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Harvard is getting rid of a longtime tradition that evokes slavery

Reuters/Jessica Rinaldi
It is in the name.
  • Hanna Kozlowska
By Hanna Kozlowska

Investigative reporter

Published This article is more than 2 years old.

Ivy League schools are re-thinking a longtime tradition, embarrassingly evocative of the United States’ days of slavery. At Harvard and other elite universities, heads of student housing are dropping the title “master.”

On Tuesday, Dec. 1, senior faculty members who serve as heads of residential colleges at Harvard voted unanimously to change the name of their role, currently called ”House Master.” Their new titles will be unveiled early next year. In November, Princeton’s masters of residential colleges became “heads,” with the dean of the college Jill Dolan calling the titles “anachronistic, historically vexed.” At Yale, calls to change the title have so far gone unheeded, at least officially.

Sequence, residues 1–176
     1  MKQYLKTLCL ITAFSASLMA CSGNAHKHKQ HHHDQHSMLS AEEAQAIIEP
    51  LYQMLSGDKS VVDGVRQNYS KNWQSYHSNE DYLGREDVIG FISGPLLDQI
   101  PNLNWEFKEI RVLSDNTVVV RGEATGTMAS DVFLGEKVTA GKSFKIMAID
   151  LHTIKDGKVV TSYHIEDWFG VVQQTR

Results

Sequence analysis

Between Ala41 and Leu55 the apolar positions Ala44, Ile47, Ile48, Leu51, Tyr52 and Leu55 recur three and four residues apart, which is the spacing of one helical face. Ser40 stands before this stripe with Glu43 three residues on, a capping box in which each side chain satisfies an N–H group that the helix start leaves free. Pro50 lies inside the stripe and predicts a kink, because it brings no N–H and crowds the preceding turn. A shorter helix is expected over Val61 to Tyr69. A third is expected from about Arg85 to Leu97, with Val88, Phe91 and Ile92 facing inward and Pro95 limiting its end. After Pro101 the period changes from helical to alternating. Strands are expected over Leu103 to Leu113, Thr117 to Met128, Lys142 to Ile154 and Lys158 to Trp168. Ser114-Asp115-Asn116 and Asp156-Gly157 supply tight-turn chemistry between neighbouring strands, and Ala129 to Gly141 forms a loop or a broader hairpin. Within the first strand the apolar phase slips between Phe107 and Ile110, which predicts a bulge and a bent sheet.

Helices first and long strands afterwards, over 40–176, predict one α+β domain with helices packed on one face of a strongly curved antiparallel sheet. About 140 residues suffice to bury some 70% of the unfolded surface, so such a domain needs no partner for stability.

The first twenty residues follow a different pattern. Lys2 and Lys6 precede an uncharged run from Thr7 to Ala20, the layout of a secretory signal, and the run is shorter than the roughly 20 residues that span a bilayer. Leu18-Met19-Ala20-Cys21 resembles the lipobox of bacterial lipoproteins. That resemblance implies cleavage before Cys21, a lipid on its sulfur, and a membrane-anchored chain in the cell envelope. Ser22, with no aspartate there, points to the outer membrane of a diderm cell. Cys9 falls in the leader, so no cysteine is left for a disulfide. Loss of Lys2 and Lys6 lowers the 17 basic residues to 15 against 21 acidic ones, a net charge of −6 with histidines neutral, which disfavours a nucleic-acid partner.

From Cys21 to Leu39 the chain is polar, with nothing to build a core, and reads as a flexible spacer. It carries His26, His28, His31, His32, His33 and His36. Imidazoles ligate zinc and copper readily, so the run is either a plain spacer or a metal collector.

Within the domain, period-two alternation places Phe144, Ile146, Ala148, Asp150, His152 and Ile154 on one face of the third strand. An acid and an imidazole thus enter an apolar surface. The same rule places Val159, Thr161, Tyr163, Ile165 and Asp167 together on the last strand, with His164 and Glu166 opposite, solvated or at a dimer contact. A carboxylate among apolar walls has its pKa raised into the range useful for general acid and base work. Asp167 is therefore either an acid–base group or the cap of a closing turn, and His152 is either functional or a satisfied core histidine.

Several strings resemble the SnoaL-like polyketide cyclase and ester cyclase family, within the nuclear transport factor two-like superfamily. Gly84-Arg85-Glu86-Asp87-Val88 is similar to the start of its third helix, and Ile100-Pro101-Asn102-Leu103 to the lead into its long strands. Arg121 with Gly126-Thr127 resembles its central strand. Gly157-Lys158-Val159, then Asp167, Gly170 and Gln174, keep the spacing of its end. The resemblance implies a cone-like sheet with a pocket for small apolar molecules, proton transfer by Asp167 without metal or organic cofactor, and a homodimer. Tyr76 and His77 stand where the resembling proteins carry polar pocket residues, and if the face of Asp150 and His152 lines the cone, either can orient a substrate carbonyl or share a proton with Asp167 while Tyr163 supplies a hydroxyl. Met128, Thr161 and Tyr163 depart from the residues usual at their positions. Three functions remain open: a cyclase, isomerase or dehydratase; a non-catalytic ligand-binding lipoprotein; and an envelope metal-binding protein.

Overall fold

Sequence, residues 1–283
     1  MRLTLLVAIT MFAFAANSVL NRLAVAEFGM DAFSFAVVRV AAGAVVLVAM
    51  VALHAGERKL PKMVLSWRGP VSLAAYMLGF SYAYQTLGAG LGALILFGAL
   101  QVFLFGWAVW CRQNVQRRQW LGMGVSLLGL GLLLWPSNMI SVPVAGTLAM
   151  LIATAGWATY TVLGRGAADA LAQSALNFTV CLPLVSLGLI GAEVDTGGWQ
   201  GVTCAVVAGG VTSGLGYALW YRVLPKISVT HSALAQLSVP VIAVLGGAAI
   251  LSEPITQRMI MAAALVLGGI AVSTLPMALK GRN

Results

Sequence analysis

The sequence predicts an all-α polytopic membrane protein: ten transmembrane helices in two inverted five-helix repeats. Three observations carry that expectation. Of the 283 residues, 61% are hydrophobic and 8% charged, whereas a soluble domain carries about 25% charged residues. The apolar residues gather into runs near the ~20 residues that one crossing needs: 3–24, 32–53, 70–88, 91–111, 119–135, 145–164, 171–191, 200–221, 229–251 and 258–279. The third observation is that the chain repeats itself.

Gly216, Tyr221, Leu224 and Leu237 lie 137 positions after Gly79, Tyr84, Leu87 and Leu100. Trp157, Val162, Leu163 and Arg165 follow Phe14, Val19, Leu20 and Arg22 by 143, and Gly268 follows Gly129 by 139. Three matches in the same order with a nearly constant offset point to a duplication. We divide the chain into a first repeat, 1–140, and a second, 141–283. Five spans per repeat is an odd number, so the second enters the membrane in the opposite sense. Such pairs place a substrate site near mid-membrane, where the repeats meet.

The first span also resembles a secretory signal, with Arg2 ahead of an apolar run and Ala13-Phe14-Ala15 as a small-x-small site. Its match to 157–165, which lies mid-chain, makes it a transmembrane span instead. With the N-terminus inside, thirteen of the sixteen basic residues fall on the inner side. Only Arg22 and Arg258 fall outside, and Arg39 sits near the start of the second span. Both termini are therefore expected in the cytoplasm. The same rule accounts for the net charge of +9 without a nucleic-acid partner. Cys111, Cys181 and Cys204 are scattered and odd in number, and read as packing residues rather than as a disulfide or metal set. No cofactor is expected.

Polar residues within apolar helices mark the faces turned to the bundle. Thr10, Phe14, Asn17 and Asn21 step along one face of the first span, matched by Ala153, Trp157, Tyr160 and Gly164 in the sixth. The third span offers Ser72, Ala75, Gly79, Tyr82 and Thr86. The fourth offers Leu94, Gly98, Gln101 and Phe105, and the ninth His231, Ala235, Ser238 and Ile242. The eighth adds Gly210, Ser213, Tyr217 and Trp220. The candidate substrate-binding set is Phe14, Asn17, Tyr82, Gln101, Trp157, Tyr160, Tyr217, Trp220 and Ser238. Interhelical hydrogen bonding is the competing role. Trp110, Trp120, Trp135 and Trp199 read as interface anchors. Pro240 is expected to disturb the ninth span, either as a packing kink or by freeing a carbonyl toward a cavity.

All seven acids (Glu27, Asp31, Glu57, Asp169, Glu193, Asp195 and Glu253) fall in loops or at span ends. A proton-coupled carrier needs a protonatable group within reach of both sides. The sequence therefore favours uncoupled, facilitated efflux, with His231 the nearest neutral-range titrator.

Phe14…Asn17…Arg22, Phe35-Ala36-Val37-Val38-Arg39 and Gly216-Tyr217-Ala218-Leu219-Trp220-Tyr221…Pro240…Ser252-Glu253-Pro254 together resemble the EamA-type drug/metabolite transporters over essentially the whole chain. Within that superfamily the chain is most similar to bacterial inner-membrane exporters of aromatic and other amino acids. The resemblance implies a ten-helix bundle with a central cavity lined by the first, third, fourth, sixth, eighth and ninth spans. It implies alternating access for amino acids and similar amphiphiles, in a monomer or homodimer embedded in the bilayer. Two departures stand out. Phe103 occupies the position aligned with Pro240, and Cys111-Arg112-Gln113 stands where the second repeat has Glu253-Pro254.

These titles likely originate with the British term “schoolmaster” or “headmaster,” but in the US they’ve taken on a new connotation. In August, Yale’s Pierson College faculty head Stephen Davis personally asked students to stop from referring to him as “Master,” writing in a letter that “there should be no context in our society or in our university in which an African-American student, professor or staff member—or any person, for that matter—should be asked to call anyone ‘master.'” The Yale community is also debating the heritage of Calhoun College, named after a white supremacist slave owner.

Back at Harvard, the university’s law school has now formed a committee to examine whether its seal, which includes the coat of arms of a slave-holding family, should be reconsidered. The school recently had to deal with a racist incident when photos of tenured black faculty members displayed in the school’s hallways were covered with black tape. 

The conversation about titles and seals comes as schools nationwide are embroiled in a debate over racism on campus.

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